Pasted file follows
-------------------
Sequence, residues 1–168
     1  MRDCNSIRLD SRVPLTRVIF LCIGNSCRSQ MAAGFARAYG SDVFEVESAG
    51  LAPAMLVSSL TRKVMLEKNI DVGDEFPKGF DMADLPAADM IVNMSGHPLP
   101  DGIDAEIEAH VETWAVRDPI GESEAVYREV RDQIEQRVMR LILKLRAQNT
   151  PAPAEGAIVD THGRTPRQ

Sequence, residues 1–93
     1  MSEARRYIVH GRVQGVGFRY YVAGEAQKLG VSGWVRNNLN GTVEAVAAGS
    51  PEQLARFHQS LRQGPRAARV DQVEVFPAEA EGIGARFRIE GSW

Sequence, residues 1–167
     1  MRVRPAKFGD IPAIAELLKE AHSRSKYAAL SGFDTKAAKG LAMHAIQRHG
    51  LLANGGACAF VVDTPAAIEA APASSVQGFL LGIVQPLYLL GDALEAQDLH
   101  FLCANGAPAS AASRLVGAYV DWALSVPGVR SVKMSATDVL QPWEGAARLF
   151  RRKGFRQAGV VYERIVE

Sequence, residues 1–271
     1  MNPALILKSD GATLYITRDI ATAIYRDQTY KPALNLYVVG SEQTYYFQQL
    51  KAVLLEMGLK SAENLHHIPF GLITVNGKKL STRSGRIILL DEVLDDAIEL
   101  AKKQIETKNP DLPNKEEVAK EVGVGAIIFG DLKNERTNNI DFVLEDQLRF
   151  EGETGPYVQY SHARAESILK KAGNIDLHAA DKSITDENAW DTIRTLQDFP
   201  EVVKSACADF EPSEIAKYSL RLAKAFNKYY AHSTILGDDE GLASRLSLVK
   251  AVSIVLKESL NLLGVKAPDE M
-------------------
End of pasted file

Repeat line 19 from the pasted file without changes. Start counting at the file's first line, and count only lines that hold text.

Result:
   201  EVVKSACADF EPSEIAKYSL RLAKAFNKYY AHSTILGDDE GLASRLSLVK